farthest in the resisting medium, is always below 45°, and gradually the more below it as the velocity is greater, so that the greater velocities with which balls are discharged from cannon with gunpowder require an elevation of the gun equal to but about 30°, or even less. And the less the size of the balls is too, the less must this angle of elevation be, to shoot the farthest with a given velocity. See GuxNERY and PRoj Ectiles. HORN, in physiology, a tough, flexible, semitransparent substance, intended for the defence or covering of animals. The hollow horns of the ox, goat, &c.; the hoof, the horny claw and nail, and the scale of certain insects, as the shell of the tortoise, resemble each other in chemical characters; but they differ very widely from stag’s horn, ivory, &c. Horn is distinguished from bone, in being softened very completely by heat, either naked, or through the medium of water, so as to be readily bent to any shape, and to adhere to other pieces of horn in the same state. Horn contains but a small portion of gelatine, and in this it differs from bone, which contains a great deal. Horn consists chiefly of condensed albumen, combined with a small and varying portion of gelatine, with a small |. of phosphate of lime. The fixed alalies readily and totally dissolve horn into a yellow saponaceous liquor. Horn and tortoise-shell are applied to mechanical purposes, which require them to be bent and united in various ways; this is performed by the aid of heat, ap[. either dry, with warmed irons or urning charcoal; or by softening the horn in boiling water, or in a weak solution of alkali: when thus softened, they will easily adhere. Mr. Aiken gives the following process for making the horn-ring that surrounds a common opera-glass: “A flat piece of horn is cut out, of the requisite shape, the ends to be joined are thinned down by a file, the piece is then put into boiling water till sufficiently supple, and is then rolled round a warm iron cylinder, and held in that position by a vice, so that the ends over-lap each other: another piece of iron, heated and grooved, is then laid upon the seam of the joined ends, and pressed upon the cylinder, and there confined by an iron wire; and the heat of the two partially melts that portion of the horn, and cements the ends so completely, that no seam or joining can be observed when cold.” For the manner of making horn to imitate tortoise-shell, see Coxsh. Hon N is also a musical instrument of the wind kind, chiefly used in hunting, to animate the hunters and the dogs, and to call the latter together. The French horn is bent into a circle, and goes two or three times round, growing gradually bigger and wider towards the end, which in some horns is nine or ten inches over. HoRNs of insects, the slender oblong bodies projected from the heads of those animals, and otherwise called antennae, or feelers. The horns of insects are extremely various; some being forked, others plumose or feathered, cylindrical, tapering, articulated, &c. As to the use of these parts, some have imagined that they served as feelers, lest the creature should run against any thing that might hurt it; and others there are, who think them the organs of hearing. See ENToarology. HoRN ore, in mineralogy, is one of the species of silver ore; its most frequent colour is pearl-gray, of all degrees of intensity, which borders sometimes on milkwhite, and sometimes approaches to lavender and violet-blue. It passes also, though but rarely, into green. It is found massive, disseminated in thick membranes, in roundish hollow balls; also crystallized: specific gravity 4.8. When heated on charcoal before the blow-pipe, it melts quickly, and leaves a globule of silver; it is even fusible by the flame of a candle; it takes a polish by friction; and its constituent parts, according to Klaproth, are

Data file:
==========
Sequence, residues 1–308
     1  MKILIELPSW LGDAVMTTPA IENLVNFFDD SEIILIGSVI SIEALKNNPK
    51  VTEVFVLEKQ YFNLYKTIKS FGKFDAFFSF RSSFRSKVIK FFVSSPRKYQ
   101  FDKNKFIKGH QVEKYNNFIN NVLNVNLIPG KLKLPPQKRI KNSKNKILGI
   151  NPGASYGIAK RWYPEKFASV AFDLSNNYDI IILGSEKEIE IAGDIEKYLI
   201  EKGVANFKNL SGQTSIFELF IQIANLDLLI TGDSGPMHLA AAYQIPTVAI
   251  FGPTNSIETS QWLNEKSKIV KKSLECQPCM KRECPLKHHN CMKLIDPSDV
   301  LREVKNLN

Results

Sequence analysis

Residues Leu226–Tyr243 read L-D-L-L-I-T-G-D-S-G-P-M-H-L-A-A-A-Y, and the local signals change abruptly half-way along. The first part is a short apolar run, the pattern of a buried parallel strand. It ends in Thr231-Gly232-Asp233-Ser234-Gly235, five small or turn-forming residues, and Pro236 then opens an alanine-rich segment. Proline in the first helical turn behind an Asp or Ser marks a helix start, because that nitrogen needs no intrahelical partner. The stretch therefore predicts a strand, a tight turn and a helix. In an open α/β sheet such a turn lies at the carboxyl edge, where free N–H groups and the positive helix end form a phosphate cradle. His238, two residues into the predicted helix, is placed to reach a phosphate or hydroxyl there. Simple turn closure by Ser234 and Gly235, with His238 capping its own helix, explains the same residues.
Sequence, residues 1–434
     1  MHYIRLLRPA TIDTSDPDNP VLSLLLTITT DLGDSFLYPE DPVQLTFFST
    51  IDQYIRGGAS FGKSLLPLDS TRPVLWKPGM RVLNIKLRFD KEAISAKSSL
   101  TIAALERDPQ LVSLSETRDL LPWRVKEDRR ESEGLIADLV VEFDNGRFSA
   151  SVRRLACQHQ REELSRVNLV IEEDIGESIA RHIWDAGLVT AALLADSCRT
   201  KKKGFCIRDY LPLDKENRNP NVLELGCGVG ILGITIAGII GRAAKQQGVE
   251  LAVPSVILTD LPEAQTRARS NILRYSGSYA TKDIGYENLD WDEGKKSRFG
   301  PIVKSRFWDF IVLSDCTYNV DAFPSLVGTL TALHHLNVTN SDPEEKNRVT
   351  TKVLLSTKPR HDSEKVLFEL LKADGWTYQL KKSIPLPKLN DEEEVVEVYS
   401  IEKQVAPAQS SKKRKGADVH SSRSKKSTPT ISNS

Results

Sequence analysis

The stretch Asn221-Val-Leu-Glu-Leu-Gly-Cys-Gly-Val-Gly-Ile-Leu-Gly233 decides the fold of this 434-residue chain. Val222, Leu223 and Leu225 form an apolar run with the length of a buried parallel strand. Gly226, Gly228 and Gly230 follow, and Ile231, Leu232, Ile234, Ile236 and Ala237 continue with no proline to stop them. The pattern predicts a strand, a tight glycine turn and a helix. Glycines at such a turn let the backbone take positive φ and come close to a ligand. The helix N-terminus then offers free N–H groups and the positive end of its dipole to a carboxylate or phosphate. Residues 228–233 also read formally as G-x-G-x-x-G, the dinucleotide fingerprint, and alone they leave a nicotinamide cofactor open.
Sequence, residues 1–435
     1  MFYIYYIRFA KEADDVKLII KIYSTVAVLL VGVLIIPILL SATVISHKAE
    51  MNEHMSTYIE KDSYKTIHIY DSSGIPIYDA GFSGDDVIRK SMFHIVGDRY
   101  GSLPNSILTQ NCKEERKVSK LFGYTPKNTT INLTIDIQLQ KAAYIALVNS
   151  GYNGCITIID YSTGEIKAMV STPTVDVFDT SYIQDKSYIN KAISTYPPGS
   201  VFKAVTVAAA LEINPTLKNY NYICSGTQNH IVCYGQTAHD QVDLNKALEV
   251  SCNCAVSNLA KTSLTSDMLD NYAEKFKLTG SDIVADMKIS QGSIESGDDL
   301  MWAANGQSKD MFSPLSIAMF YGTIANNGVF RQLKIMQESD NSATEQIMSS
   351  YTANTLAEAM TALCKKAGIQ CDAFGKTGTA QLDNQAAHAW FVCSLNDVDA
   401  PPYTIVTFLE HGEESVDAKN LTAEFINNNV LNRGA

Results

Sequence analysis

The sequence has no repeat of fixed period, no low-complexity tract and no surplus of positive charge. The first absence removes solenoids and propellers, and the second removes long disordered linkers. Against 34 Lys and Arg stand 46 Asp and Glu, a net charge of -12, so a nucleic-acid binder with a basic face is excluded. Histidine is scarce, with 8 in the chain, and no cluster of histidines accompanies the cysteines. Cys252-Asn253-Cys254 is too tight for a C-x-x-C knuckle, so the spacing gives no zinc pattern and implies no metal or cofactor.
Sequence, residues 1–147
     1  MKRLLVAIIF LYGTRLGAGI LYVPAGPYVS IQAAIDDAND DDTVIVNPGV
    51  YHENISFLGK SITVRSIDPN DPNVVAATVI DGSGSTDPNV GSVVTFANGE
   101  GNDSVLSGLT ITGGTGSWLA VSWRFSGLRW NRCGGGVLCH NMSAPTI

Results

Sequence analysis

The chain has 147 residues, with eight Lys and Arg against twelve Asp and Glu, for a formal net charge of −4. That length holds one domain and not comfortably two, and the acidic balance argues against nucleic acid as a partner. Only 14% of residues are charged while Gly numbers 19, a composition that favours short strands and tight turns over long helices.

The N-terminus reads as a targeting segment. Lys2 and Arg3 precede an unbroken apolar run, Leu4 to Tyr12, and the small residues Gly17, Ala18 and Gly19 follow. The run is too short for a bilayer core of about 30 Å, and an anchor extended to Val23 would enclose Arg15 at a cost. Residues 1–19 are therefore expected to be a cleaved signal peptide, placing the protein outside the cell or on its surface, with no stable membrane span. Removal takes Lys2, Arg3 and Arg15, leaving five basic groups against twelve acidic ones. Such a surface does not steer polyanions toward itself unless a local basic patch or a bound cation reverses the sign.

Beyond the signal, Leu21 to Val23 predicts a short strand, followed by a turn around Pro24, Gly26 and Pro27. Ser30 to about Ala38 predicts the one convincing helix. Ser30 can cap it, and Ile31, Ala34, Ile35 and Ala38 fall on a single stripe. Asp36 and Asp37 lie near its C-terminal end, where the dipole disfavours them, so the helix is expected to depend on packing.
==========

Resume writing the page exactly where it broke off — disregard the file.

Silver - - - 67.75 Muriatic acid - - 21. Sulphuric acid - - 6.25 Oxide of iron - - 6.0 Alumina - - - 1.75 Lime - - - 0.25 97.00 Loss - - - - 3.00 100,00